Thursday, October 20, 2011

Chiaroscuro and Fragile Leaves

Currently Reading: The Physick Book of Deliverance Dane by Katherine Howe (because The Witch's Daughter has still not arrived from Woodstock), and The Memory Keeper's Daughter by Kim Edwards

Even though it is falltime and I am completely enjoying my autumn book list because it effectively gives me chills down my spine and increases my already brewing anticipation for THE HOLIDAY (a.k.a. Halloween), I am going to take time to blog about a book I am reading as an audiobook: The Memory Keeper's Daughter. In particular, I want to explore an aspect of the book that I cannot help obsessing over because it is such an integral piece of the experiences of each main character. I won't give you the synopsis of the book, but will only set it up for you: at the beginning of the novel, one of the main characters makes a horrific choice in order to spare himself, his wife, and his son from pain and loss. Despite his attempts, his life is completely altered in ways he never could have imagined. His wife, the woman he attempted to protect, has completely changed. She becomes depressed and lost; their marriage starts to crumble. The perfect life he tried to create for them does not exist precisely because he tried to create a perfect life. I am not finished with the book so I cannot guess what will happen next, but from where I stand, it seems as if they are both on a downward spiral. The trajectory of their lives demonstrates vividly that loss can never be avoided, no matter how hard we try.

Do you know how I judge a "great" book? If it makes me pause and reflect while I'm reading it, or if I find myself obsessively analyzing it as I make the bed, clean the kitchen, and feed the cat, then in the Jillian dictionary, that book falls under the entry of "great book." I can't get this book out of my head. In particular, the idea of escaping from pain will not leave me alone. Which means that it is time to muse....

I would love to protect myself from pain and loss. Who wouldn't? The world is such a fragile place; I have only to glance out my window to see that fact reflected in the leaves breaking away from the tree branches and meeting the earth with each passing breeze. Our lives, like our world, is in a constant state of flux. The tide goes in, the tide goes out, and nothing stays the same. We think about our futures and we make our great plans, but we often forget that absolutely nothing is guaranteed. Plans will go awry, prayers will not be answered the way we wish, and people we love will no longer be with us. Although I see myself as a "glass half full" kind of girl, I can't deny that there are days where fear takes precedence over living in the moment. "What if Nathan doesn't come home tonight?" flashes through my mind as I wave him out the door. "What would it be like if I was never able to have children?" I wonder as I watch a mother read to her babies in the library. "What if my mother was sick like that?" I imagine as I help a patron whose hair has fallen out and who wears her bandana with pride. When those "What If" moments grip me, I imagine the impossible and panic takes the place of calm. "How terrible..." I think. "How awful." "What would I do?" And the answer of course is: I don't know. If I had the choice to spare myself any sadness or hardship that life may throw at me, wouldn't I take it in a heartbeat? To protect myself and my loved ones from the unknown and the unplanned sounds like a promise, a relief that life can be exactly what I dream it to be.Would it make our lives easier to live, not having to worry about the "unhappy" potentially ahead of us? Or would it make life less precious, less appreciated, less magical because it would always be the same? While I never like having my "What If" moments, I feel they are sometimes necessary for me to properly drink in the blessings God has heaped upon me, savoring the taste and texture of each smile, each "I love you", each conversation, each stroll through October leaves.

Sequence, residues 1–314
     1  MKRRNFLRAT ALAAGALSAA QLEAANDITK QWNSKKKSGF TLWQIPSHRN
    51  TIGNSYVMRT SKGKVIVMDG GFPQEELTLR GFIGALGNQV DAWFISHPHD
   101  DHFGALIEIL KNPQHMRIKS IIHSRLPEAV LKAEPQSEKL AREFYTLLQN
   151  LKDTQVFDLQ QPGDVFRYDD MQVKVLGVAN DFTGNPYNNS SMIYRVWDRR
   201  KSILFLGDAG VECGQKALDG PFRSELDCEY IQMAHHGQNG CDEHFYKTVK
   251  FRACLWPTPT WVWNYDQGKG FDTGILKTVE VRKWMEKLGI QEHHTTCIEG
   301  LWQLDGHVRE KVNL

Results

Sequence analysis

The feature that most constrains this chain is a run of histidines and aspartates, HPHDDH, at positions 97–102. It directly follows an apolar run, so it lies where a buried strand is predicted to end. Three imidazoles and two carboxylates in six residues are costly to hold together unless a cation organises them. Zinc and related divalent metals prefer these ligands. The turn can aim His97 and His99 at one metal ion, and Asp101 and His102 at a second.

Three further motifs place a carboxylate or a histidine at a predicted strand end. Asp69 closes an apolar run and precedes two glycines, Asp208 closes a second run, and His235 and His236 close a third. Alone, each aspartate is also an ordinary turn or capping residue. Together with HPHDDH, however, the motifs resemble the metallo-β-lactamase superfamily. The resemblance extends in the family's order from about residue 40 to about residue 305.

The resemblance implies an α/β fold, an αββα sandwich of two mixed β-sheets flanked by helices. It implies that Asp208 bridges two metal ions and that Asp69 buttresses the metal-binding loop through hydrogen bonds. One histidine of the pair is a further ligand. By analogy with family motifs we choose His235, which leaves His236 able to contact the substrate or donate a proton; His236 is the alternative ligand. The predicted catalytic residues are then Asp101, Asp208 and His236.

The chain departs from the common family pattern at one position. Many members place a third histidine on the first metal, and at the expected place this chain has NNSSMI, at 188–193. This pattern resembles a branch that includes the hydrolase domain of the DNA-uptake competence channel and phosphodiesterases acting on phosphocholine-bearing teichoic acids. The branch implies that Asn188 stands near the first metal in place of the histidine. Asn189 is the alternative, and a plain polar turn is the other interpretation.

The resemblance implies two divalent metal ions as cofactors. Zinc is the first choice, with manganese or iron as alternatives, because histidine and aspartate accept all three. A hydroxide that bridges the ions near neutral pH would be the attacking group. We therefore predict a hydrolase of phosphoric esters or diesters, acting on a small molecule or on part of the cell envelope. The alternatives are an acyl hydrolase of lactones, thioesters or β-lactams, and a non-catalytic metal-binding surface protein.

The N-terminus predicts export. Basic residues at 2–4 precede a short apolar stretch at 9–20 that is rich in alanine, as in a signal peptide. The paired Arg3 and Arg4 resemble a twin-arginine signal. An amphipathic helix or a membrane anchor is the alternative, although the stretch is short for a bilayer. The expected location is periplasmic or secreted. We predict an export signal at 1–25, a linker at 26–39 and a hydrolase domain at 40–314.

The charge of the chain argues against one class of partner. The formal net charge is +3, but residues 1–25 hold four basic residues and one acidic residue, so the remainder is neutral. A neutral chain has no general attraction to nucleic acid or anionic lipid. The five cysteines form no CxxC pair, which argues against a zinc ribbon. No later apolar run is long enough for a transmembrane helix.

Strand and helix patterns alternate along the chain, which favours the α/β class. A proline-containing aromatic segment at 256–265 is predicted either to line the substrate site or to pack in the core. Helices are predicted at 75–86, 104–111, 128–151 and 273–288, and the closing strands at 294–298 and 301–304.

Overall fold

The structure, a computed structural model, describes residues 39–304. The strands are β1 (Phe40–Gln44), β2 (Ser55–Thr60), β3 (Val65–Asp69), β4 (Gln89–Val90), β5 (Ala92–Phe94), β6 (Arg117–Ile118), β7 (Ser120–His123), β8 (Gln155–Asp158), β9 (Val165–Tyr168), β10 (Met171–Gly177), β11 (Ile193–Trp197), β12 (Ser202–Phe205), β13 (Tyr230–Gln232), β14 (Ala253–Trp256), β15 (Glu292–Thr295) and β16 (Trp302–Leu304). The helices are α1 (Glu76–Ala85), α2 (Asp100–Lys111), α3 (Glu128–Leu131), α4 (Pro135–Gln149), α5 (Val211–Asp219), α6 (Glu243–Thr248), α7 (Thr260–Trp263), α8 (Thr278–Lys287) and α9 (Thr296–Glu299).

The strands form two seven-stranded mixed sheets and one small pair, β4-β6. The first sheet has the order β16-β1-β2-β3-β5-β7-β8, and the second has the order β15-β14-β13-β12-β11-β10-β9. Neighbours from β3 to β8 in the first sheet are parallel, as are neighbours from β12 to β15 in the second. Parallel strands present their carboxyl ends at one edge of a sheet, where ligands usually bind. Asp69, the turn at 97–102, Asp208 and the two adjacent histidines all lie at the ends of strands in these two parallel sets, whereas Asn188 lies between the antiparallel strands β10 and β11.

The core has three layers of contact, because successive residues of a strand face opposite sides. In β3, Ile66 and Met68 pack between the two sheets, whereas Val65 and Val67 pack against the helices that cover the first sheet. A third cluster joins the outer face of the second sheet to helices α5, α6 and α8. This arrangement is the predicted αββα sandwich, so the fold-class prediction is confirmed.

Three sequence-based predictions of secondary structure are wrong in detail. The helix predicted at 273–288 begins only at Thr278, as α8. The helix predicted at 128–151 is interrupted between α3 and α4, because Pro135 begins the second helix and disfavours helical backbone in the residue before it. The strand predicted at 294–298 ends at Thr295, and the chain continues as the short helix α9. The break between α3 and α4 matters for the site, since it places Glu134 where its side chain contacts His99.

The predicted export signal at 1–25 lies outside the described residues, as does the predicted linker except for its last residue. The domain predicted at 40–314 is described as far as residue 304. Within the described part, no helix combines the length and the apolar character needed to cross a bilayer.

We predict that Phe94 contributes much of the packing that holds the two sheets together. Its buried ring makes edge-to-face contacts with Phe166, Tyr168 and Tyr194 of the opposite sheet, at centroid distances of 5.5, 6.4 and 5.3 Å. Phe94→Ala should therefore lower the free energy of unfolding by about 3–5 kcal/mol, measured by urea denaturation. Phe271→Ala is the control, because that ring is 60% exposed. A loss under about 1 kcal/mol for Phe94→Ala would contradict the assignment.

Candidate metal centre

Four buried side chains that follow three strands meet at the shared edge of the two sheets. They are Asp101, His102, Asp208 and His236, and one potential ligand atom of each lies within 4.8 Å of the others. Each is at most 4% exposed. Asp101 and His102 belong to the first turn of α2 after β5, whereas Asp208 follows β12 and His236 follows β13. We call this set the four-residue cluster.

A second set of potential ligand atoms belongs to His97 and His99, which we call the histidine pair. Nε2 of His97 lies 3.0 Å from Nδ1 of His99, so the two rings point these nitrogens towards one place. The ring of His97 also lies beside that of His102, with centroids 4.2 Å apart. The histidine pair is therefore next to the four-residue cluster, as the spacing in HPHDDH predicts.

Astronomer by Candlelight, Artist: Gerrit Dou, late 1650s
In high school Humanities class, we learned about Chiaroscuro... the contrast and blending of light and shadow within a painting. The beauty of Chiaroscuro is that the shadows work with the light to emphasize and enhance the focal point of the piece. Ultimately, the shadows give the light more luster and radiance. When both are present, the painting shines with its full beauty. Perhaps the principle of Chiaroscuro can be applied to how to live life without the fear. To accept that life has and will have its fair share of sunlight and shadow... both will always be present. But together, they create a stunning and unique piece of art... a beautiful life that is ours and ours alone. We can't escape it and we can't protect ourselves.. but if we did, our paintings wouldn't be as beautiful. That is a thought to cherish, one that helps me forget the fear and wrap my arms around the moment I'm in now. Come what may.... my painting is going to be lovely.

Have an inspiring week doing what you love... I hope you all are able to find the chiaroscuro in your own lives.

1 comment:

  1. Brilliant perspective! If only we could all see life from your point of view, the world would be a better place indeed. Definitely an attitude worth striving for....


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